A few months ago, after commenting that B. C.'s carbon tax should serve as warning of further things to come - the recently announced Liberal plan for a national carbon tax is proof of that - I promis...
A few months ago, after commenting that B. C.’s carbon tax should serve as warning of further things to come – the recently announced Liberal plan for a national carbon tax is proof of that – I promised to look at how trucking can survive in a carbon-constrained future economy. The controversy over the speed limiter legislation in Ontario sidetracked my plans, but now that Ontario has its speed limiter legislation I would like to make good on that promise.
While it’s important to understand the risks behind the challenge of creating more environmentallyfriendly transportation systems, it’s just as important to consider the opportunities.
I believe properly structured cap-and-trade programs – where a provincial or federal body sets a cap for allowable pollution, and allows companies who have invested in equipment or facilities that exceed the government requirements to earn pollution credits and then sell those credits to companies that can’t meet the standards of the regulatory cap – provide not only a sensible market-driven approach to reducing emissions, but also a real opportunity for supply chain service providers.
Cap-and-trade programs worked quite well in the 90s in the US when they were used to limit sulfur dioxide emissions and tame acid rain.
Utilities and large manufacturers would likely be more than willing to purchase credits from carriers and warehouse operators. The cost of a fleet of low polluting trucks or a more efficient warehouse may seem an expensive investment to those in the industry but, compared to the costs utilities and large manufacturers would face in building a new plant, they’re a drop in the bucket. Supply chain service providers have a lot to gain by being a net seller of credits. And since such credits would be scarce, the utilities and power companies that need them would likely bid up the price.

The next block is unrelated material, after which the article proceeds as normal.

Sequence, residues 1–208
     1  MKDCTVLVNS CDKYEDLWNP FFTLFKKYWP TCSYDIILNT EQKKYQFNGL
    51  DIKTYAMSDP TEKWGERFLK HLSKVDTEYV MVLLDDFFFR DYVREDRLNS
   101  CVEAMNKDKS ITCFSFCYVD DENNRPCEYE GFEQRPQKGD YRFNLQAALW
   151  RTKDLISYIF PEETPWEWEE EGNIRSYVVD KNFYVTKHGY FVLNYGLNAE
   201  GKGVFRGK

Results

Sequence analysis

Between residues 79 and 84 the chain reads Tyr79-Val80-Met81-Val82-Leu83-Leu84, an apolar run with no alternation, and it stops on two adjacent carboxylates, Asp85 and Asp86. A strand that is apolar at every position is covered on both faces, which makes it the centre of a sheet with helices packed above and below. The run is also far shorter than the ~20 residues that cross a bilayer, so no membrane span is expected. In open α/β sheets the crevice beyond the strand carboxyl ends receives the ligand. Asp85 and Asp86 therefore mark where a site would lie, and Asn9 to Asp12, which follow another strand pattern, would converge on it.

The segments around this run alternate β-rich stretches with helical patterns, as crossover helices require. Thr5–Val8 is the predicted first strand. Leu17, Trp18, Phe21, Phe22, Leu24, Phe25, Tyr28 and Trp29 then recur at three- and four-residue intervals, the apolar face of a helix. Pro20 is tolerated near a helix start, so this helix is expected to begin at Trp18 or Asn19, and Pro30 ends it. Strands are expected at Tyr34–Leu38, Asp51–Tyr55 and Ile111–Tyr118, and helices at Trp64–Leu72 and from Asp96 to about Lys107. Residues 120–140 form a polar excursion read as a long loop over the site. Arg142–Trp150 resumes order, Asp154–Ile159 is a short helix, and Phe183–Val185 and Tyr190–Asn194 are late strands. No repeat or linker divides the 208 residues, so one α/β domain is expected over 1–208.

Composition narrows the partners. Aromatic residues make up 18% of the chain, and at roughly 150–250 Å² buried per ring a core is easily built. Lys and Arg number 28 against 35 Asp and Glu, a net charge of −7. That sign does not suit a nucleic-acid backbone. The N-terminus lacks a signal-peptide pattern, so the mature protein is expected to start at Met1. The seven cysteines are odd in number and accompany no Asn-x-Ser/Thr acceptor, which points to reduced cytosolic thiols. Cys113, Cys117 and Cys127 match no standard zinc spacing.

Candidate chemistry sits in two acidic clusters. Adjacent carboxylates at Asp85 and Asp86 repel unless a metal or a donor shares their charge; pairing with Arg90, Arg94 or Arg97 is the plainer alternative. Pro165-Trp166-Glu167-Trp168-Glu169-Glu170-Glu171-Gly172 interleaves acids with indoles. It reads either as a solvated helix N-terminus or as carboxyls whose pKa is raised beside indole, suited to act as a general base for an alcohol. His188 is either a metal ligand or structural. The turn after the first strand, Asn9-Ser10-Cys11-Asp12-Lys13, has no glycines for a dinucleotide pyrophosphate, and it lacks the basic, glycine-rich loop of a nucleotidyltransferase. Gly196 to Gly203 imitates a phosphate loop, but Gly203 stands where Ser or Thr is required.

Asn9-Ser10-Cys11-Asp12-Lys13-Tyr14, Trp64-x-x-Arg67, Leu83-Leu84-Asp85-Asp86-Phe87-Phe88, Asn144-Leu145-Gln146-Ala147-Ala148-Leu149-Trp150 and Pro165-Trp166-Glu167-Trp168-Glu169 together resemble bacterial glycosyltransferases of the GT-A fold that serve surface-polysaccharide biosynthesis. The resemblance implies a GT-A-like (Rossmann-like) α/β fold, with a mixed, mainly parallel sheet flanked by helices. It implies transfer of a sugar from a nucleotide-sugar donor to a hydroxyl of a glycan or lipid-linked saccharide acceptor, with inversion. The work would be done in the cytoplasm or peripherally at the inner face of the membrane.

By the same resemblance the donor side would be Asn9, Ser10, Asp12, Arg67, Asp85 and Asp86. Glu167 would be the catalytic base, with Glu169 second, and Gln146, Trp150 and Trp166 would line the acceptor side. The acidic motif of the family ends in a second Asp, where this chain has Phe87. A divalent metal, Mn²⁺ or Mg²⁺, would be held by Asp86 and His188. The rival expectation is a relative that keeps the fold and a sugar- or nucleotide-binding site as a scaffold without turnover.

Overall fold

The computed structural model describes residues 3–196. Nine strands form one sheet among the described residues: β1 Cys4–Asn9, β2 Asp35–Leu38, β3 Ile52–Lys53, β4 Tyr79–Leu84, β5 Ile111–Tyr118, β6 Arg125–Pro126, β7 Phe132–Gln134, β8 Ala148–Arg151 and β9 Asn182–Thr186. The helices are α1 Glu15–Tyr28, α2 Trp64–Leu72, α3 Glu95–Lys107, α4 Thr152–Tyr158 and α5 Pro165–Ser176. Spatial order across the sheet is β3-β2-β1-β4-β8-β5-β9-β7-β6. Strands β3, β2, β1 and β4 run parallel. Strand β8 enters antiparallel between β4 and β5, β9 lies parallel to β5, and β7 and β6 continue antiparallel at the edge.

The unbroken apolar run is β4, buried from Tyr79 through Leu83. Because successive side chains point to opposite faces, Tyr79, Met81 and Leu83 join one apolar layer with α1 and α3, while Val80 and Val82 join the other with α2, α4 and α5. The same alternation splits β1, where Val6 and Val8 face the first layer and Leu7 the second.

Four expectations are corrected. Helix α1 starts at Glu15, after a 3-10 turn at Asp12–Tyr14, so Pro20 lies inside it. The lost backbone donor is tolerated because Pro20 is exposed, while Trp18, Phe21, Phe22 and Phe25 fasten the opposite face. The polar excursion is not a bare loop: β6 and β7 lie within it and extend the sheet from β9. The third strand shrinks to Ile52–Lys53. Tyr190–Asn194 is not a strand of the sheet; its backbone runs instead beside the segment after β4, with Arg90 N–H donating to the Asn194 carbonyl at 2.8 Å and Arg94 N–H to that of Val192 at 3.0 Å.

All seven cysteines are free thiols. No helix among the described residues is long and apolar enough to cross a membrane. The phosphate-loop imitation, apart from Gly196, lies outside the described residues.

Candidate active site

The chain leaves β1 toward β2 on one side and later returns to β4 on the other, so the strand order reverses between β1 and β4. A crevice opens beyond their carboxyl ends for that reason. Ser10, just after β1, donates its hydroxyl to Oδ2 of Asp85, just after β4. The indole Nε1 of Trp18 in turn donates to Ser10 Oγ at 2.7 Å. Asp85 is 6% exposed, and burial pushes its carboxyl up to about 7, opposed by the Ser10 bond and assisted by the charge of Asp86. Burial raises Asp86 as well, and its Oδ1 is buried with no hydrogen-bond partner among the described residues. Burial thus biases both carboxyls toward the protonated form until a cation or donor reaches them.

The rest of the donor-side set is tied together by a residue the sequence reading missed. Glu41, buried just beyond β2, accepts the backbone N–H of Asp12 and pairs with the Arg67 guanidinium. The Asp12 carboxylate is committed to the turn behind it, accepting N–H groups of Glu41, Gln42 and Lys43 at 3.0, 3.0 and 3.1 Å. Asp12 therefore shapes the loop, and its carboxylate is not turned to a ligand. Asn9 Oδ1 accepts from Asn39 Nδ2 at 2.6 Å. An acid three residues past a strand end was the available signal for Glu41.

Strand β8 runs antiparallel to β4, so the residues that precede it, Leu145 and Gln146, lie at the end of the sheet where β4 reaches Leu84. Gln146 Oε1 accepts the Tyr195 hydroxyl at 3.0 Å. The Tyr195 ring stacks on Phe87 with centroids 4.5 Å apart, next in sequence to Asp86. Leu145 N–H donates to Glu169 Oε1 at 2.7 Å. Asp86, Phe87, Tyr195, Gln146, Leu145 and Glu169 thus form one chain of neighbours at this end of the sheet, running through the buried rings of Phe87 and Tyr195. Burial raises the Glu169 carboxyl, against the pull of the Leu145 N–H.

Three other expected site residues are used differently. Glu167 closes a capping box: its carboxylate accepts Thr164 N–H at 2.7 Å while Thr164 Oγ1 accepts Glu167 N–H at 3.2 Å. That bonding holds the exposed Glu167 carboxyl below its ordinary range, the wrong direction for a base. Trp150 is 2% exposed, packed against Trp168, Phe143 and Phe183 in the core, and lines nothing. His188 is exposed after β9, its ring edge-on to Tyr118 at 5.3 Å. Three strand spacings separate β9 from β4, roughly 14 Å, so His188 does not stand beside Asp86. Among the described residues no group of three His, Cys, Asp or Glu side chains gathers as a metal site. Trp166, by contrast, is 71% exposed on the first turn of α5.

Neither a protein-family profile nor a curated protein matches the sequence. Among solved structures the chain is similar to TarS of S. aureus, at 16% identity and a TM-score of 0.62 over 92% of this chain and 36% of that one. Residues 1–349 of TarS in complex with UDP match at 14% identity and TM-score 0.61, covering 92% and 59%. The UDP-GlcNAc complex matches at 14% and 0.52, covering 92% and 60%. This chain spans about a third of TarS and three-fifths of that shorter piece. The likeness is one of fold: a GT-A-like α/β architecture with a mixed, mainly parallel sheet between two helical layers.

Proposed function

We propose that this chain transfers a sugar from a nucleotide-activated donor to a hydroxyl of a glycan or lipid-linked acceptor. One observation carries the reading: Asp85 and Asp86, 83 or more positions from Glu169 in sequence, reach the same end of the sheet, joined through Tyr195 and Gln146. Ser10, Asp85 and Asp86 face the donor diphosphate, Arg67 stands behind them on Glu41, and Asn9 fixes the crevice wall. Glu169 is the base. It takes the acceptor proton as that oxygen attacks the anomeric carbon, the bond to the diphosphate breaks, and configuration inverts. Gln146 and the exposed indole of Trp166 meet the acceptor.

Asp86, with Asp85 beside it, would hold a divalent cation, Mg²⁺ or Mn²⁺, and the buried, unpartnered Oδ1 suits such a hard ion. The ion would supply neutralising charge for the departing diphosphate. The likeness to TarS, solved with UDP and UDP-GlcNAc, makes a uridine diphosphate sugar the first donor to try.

But so far neither our federal government nor the transportation sector have aggressively pursued cap-and-trade programs.
Transportation providers have not only failed so far to state their support for cap-and-trade programs, past practice has shown they’ve generally missed the opportunity to participate in them.
For example, a few years ago the Port of Long Beach tried to establish an emissions-trading mecha-nism for transportation companies in its harbour area. Potential buyers of credits – power companies and utilities – rushed to join, for the reasons already cited above. But after a few years of failing to persuade terminal operators and transportation providers – the potential sellers of credits – to join, the Port gave up.
It’s hard to understand why transportation providers would pass up such a potentially lucrative opportunity, which also provides a market-driven approach to reducing emissions. Perhaps they’re too caught up in their day-to-day challenges to consider such a long-term issue. Perhaps they’re distrustful of government legislation.
Perhaps it’s also time they reconsidered their ambivalence and gave cap-and-trade programs the consideration they deserve.